Life Experiences Shape Our Thinking and Political Campaign Messaging

Campaigns conduct surveys in key states like Ohio so that they know which groups of people are most likely to be on their side, who is undecided, or against them. They use the information to appeal to undecided voters and to also discourage their opponents’ supporters from participating in the election.

John Green, emeritus director of the Ray C. Bliss Institute of Applied Politics at the University of Akron, suggests that knowing which group you’re in helps with understanding the complexity of Ohio — and the reasons people think differently.

It also helps people understand how political campaigns are trying to sway their thinking. 

After Ohioans were asked in the recent Your Voice Ohio/Bliss Institute poll to rank 16 issues in order of importance,  Green divided poll respondents by age, gender, race, education, income, marital status and religion to see how each group compared. 

Below are the issues in order of priority and Green’s observations as to who ranked each issue significantly higher than the statewide average for all people. How might these demographics inform the shift in presidential messaging to racially-charged housing issues and law and order, with a focus on white suburban women?

  • COVID-19 — Older people.
  • Economy — More affluent and secure people, including white, older, more educated, higher income, married and likely to have regular church attendance.
  • Health care — Older, white, more educated, married and not likely to attend worship services.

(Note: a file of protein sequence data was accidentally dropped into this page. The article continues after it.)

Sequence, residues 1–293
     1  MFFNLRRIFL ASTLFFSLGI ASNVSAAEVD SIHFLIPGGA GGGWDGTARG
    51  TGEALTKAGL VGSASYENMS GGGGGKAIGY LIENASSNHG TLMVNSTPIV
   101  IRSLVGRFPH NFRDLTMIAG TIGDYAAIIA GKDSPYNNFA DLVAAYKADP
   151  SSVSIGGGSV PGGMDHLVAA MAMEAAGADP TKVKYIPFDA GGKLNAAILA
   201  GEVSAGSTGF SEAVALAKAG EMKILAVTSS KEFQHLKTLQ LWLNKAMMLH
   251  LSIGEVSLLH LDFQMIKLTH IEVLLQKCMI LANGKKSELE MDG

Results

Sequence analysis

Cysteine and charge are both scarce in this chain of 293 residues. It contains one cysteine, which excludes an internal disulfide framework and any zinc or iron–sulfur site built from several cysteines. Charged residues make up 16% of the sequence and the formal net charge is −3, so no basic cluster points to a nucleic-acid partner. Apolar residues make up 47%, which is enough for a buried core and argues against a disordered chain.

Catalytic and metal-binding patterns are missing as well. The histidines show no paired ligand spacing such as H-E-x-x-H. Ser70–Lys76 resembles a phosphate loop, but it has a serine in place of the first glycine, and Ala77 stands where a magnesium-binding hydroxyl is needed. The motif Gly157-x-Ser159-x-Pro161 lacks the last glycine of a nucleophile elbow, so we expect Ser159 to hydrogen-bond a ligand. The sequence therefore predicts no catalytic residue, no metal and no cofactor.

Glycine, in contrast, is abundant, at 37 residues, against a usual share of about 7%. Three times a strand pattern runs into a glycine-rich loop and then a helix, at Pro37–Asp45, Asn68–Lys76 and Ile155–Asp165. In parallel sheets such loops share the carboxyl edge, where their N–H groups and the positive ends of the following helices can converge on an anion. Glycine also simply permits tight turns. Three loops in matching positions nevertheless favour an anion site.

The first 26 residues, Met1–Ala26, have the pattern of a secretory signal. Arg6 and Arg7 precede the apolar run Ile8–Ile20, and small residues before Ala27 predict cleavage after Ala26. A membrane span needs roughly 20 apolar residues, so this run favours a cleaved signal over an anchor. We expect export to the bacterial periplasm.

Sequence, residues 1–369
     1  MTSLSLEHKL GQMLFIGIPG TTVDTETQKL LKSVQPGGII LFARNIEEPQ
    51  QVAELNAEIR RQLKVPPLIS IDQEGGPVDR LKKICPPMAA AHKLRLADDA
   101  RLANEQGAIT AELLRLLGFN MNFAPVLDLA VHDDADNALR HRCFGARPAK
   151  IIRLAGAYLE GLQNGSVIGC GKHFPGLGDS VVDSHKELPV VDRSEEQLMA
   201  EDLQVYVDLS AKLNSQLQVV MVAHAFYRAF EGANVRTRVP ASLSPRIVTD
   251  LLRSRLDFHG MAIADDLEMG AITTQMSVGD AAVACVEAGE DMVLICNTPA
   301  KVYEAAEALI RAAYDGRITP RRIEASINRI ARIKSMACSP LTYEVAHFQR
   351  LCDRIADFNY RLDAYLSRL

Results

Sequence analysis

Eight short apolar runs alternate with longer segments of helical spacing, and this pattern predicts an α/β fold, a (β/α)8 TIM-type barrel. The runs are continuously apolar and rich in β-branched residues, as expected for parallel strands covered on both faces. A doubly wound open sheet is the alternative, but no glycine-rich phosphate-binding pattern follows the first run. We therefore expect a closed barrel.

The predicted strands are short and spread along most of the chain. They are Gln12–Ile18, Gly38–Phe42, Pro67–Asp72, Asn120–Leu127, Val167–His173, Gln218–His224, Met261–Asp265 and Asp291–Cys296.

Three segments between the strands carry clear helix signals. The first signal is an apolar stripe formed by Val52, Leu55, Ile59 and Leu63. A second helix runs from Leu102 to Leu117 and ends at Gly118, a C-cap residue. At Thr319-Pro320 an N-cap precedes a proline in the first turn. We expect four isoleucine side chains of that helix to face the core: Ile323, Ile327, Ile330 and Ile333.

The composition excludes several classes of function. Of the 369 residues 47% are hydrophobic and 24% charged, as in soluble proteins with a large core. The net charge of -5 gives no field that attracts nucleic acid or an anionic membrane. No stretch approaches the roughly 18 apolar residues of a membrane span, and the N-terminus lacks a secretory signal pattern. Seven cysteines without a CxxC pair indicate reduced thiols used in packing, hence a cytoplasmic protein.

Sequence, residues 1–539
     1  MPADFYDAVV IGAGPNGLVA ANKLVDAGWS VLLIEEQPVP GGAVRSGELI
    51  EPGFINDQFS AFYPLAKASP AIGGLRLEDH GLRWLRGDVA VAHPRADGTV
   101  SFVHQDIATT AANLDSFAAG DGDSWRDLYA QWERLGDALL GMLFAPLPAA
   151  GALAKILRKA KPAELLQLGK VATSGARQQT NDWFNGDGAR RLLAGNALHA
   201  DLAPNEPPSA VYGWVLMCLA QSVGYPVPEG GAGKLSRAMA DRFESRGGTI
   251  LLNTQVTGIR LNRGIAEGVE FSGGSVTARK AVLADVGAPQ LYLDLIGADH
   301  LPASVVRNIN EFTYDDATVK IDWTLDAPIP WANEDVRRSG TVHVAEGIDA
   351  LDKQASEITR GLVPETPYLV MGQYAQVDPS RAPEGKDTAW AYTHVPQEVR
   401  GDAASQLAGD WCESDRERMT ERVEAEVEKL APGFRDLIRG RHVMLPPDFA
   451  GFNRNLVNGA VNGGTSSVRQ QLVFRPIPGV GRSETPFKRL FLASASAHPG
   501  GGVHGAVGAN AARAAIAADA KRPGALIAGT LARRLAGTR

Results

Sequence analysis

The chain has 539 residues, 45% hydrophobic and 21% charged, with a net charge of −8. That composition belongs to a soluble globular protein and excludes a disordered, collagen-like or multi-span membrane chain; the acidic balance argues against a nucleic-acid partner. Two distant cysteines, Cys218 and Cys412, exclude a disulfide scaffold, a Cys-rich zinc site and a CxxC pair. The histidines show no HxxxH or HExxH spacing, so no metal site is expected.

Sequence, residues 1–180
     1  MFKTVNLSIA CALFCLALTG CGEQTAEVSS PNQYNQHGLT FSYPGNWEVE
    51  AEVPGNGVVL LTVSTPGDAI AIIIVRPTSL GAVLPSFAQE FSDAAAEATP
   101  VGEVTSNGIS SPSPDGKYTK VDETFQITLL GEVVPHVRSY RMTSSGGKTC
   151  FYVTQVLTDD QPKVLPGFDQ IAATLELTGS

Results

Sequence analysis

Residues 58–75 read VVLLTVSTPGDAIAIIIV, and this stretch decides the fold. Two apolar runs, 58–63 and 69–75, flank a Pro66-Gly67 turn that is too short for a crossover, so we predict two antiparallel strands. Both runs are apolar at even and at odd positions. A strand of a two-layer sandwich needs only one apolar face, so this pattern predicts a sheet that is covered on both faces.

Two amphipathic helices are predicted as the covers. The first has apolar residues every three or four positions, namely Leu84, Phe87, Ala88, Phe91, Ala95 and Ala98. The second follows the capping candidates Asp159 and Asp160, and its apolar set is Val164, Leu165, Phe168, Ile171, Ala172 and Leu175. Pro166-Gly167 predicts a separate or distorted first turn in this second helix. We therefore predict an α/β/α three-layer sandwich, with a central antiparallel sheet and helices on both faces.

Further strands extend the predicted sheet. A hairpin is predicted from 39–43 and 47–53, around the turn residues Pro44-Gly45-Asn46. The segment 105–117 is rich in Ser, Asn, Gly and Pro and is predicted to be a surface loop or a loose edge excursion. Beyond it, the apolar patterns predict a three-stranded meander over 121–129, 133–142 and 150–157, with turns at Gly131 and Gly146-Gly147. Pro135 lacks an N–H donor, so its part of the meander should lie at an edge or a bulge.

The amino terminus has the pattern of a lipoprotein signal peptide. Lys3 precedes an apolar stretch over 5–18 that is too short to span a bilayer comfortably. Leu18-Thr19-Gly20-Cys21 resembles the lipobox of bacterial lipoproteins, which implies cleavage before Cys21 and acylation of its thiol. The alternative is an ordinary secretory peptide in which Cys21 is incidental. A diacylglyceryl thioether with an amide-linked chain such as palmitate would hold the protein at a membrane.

• Income inequality — Women, white, less income, not likely to attend church.
  • Racism — Women, non-white, younger, unmarried.
  • Food — Less educated.
  • Education — Women, younger, higher income, more education, married, attend church.
  • Criminal justice — Non-white, younger, less income, unmarried and attend church.
  • Housing — Women, less educated, less income, unmarried.
  • Mental health — Women, younger, less income, unmarried.
  • Peace and security — Older, more income, married.
  • Environment — Younger, unmarried, not likely to attend church.
  • Infrastructure — Men, more educated, more income, attend church.
  • Social services — Younger, less income, less educated, unmarried.
  • Addiction — Men, non-white, younger, less educated, unmarried, attend church.
  • Immigration — Men, more income, married.

The poll was conducted by the Center for Marketing and Opinion Research from June 24 to July 15. It has a margin of error of plus or minus three percentage points, and involved a random sample of 1,037 registered voters.

Want to volunteer for a future dialogue and receive $125 for two hours? Register at the Your Voice Ohio Election 2020 website.

Your Voice Ohio is a media collaborative of more than 50 news outlets with a mission to represent the voices of Ohio’s diverse population in the 2020 election.

Copyright 2024 The Business Journal, Youngstown, Ohio.